Jim Schmitz on the Lifts

Rolling Thunder® Revolving Deadlift Handle

One-hand deadlifts have long been a preferred means of testing and building one's grip strength, and to put an edge on the challenge, a thick-handled bar was employed—this was the proving ground of many a grip strength legend. IronMind® developed the Rolling Thunder Revolving Deadlift Handle in 1993 and since then, it's become known by strong men and women worldwide.  

IronMind Rolling Thunder
Included in backyard meets and major fitness competitons around the world, the Rolling Thunder soon became a staple of the grip strength world, and the first Rolling Thunder World Championships was held in 2000 in conjunction with Odd Haugen's Beauty and the Beast strongman contest—a contest that included three World's Strongest Man winners. 
 
There's little technique to the Rolling Thunder, so it just comes down to how strong you are.  Our feeling at IronMind is that if you can't pull at least 250 lb. or so on the Rolling Thunder and you think you've got a world-class grip, you must be swimming in the wrong pool.
 
 
Odd Haugen Odd Haugen has probably pulled more world class lifts on the Rolling Thunder under official conditions than anyone else on the planet. Here’s Haugen lifting at the premiere IronMind Rolling Thunder World Championships—then, merely half a century strong, Haugen pulled an excellent 246.5 lb. ©Randall J. Strossen photo
The Rolling Thunder is available from the IronMind store, which has a complete selection of grip strength and hand health tools.
Rolling Thunder Contest Rules
If you're interested in training for or holding a Rolling Thunder® contest, here are the rules: 


 
1.   An authentic current-model IronMind® Rolling Thunder® handle must be used, it cannot have been modified in any way, and it must be inspected to ensure that it revolves freely:  holding the handle, lift the triangular metal frame and rotate it until it is horizontal (parallel to the ground).  Release the metal frame to demonstrate that it rotates back to its original vertical position (pointing toward the ground) under its own weight.  The lift starts with the weight in between the lifter’s feet. In the world championships (and the U.S. nationals), the 15" loading pin and large carabiner that IronMind® sells are used (this standardizes the lifting height). Any other loading pin and carabiner with the same dimensions can be used.
 
2.   The lifter grabs the Rolling Thunder handle in approximately its center and lifts with the handle remaining approximately parallel to the ground. A thumbless grip is not permitted.
 
3.   Any contact between the lifter's hand and the non-revolving portion of the handle disqualifies the lift; and other than incidental contact, the hand or Rolling Thunder handle must not touch the body before the lift is completed—dragging the hand or handle up the leg is cause for an immediate "No lift."
 
4.   The lifter must fully straighten up (back erect, legs and hips locked out); once standing straight, the lifter must maintain control of the lift for 1 second before getting a down signal from the referee, and must then return the weight to the ground. Contact must be maintained between the lifter's hand and the handle until the weight is resting on the floor. The referee then indicates whether the lift was passed or not.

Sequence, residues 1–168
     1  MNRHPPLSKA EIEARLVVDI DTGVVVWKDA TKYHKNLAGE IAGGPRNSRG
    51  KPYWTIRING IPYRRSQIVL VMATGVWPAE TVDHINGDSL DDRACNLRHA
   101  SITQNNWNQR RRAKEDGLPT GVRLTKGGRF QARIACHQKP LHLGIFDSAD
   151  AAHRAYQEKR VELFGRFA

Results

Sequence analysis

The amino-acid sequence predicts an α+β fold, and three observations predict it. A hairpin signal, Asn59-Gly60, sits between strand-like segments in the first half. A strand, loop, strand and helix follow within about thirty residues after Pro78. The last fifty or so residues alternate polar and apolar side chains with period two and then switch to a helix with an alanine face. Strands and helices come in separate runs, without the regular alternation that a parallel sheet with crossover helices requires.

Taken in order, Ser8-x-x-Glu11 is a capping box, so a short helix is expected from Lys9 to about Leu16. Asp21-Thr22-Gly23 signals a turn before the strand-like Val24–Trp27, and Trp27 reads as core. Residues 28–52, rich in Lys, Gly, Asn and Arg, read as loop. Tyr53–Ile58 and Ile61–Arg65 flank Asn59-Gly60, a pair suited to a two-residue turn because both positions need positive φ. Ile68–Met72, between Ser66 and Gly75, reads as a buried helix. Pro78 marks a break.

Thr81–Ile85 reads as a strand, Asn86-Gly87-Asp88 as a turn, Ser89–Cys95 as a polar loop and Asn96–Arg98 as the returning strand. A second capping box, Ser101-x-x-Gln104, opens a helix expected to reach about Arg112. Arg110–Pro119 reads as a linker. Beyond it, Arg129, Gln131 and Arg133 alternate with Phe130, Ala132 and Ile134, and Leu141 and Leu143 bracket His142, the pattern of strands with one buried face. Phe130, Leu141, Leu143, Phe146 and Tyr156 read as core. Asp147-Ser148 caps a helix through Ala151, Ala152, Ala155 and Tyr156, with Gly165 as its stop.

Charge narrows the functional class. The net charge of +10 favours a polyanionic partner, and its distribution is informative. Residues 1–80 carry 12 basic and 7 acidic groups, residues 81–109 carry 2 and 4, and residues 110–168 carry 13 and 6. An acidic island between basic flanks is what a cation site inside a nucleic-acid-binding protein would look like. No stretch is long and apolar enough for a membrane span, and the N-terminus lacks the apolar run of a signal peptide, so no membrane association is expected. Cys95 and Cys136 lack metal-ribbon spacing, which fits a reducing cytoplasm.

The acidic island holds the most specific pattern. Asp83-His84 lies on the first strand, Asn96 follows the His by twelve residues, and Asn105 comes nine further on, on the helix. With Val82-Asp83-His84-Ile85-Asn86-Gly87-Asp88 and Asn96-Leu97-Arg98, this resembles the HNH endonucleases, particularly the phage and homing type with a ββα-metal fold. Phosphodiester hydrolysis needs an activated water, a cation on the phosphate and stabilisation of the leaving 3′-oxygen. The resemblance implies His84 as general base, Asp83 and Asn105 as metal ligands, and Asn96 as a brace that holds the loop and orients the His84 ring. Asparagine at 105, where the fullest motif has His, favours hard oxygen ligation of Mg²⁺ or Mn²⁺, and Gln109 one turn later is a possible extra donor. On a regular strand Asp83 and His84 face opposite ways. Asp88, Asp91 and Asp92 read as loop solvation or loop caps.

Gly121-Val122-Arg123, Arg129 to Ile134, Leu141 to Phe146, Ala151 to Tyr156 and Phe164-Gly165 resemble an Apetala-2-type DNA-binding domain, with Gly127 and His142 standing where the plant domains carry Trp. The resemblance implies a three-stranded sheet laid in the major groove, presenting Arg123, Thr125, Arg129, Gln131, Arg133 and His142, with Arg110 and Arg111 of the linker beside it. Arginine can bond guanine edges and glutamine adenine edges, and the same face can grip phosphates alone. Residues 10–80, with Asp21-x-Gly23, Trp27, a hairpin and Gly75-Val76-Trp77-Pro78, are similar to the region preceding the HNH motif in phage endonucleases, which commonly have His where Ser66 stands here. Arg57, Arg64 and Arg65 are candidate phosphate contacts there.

5.   In contest situations, we give the lifter 1 minute to complete the lift after his/her name is called; during that minute, there is no limit to how many times the lifter may try to complete the lift.
 


6.   Ordinary chalk (magnesium carbonate) may be used on the lifter's hand, but nothing else is permitted (tacky, for example, is specifically disallowed).
 
See also IronMind's grip contest rules for extra attempts.
 
Print out a copy of the Rules and Referee Form and take it with you to your official attempt.  The referee will complete the form and return it to us.
 

Please contact sales@ironmind.com if you have any questions.

Men's World Record
Alexey Tyukalov July 27, 2013 150.5 kg (331.8 lb.)
Mark Felix May 5, 2012 146.75 kg (323.53 lb.)
Mark Felix January 18, 2008 136.53 kg (301 lb.)
Laine Snook August 1, 2006 124.38 kg (274.2 lb.)
Andrus Murumets June 16, 2003 121.11 kg (267 lb.)
Magnus Samuelsson June 3, 2003 118.84 kg (262 lb.)
Jan Bartl June 1, 2001 117.25 kg (258.5 lb.)
Woman's World Record
Ludmilla Gaiduchenko September 22, 2012 77.2 kg (170.2 lb.)
Jaana Tanner May 26, 2012 69.25 kg (152.67 lb.)
Jaana Tanner January 28, 2012 66.75 kg (147.16 lb.)
Elizabeth Horne April 7, 2007 65.51 kg (144.43 lb.)
Teenage* Men's World Record
Alexander Filiminov** May 14, 2016 90 kg (198.4 lb.)
*Determined by the athlete’s age on the day of competition: driver’s license, passport or national ID (with photograph) are acceptable proof of identity and age
**World standard must be exceeded by a minimum of 1 kg to establish the inagural world  record
Teenage* Women's World Record

 

*Determined by the athlete’s age on the day of competition: driver’s license, passport or national ID (with photograph) are acceptable proof of identity and age

For more information on Olympic-style weightlifting, weight training, lifter profiles, and competition reports, visit our Weightlifting Resource Pages.

Jim Schmitz’s gold-medal articles on weightlifting and weight training are regularly featured in MILO: A Journal for Serious Strength Athletes.

Take advantage of what Jim Schmitz, absolutely one of the best American coaches in the sport, can teach you in his
Olympic-style Weightlifting for the Beginner & Intermediate Weightlifters Manual and DVD.